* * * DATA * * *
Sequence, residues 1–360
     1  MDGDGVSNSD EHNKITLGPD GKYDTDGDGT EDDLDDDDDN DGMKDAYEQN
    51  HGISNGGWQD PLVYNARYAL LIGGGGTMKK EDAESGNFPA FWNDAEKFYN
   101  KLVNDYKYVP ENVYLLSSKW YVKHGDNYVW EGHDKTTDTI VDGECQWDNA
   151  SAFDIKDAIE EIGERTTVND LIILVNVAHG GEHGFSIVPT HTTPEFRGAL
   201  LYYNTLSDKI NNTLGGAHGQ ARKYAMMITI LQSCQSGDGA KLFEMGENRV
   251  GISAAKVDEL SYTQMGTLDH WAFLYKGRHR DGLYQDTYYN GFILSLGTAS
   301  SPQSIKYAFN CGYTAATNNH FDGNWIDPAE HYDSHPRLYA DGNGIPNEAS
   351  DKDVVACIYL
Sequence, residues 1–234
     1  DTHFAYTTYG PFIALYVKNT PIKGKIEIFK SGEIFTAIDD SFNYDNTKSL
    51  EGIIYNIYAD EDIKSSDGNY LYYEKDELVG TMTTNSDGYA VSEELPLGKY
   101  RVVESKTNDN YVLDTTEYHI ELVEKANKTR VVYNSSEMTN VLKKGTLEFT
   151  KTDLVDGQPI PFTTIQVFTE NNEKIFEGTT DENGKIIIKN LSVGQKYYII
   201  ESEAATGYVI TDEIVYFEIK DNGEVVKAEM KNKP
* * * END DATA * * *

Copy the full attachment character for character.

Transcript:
Sequence, residues 1–360
     1  MDGDGVSNSD EHNKITLGPD GKYDTDGDGT EDDLDDDDDN DGMKDAYEQN
    51  HGISNGGWQD PLVYNARYAL LIGGGGTMKK EDAESGNFPA FWNDAEKFYN
   101  KLVNDYKYVP ENVYLLSSKW YVKHGDNYVW EGHDKTTDTI VDGECQWDNA
   151  SAFDIKDAIE EIGERTTVND LIILVNVAHG GEHGFSIVPT HTTPEFRGAL
   201  LYYNTLSDKI NNTLGGAHGQ ARKYAMMITI LQSCQSGDGA KLFEMGENRV
   251  GISAAKVDEL SYTQMGTLDH WAFLYKGRHR DGLYQDTYYN GFILSLGTAS
   301  SPQSIKYAFN CGYTAATNNH FDGNWIDPAE HYDSHPRLYA DGNGIPNEAS
   351  DKDVVACIYL
Sequence, residues 1–234
     1  DTHFAYTTYG PFIALYVKNT PIKGKIEIFK SGEIFTAIDD SFNYDNTKSL
    51  EGIIYNIYAD EDIKSSDGNY LYYEKDELVG TMTTNSDGYA VSEELPLGKY
   101  RVVESKTNDN YVLDTTEYHI ELVEKANKTR VVYNSSEMTN VLKKGTLEFT
   151  KTDLVDGQPI PFTTIQVFTE NNEKIFEGTT DENGKIIIKN LSVGQKYYII
   201  ESEAATGYVI TDEIVYFEIK DNGEVVKAEM KNKP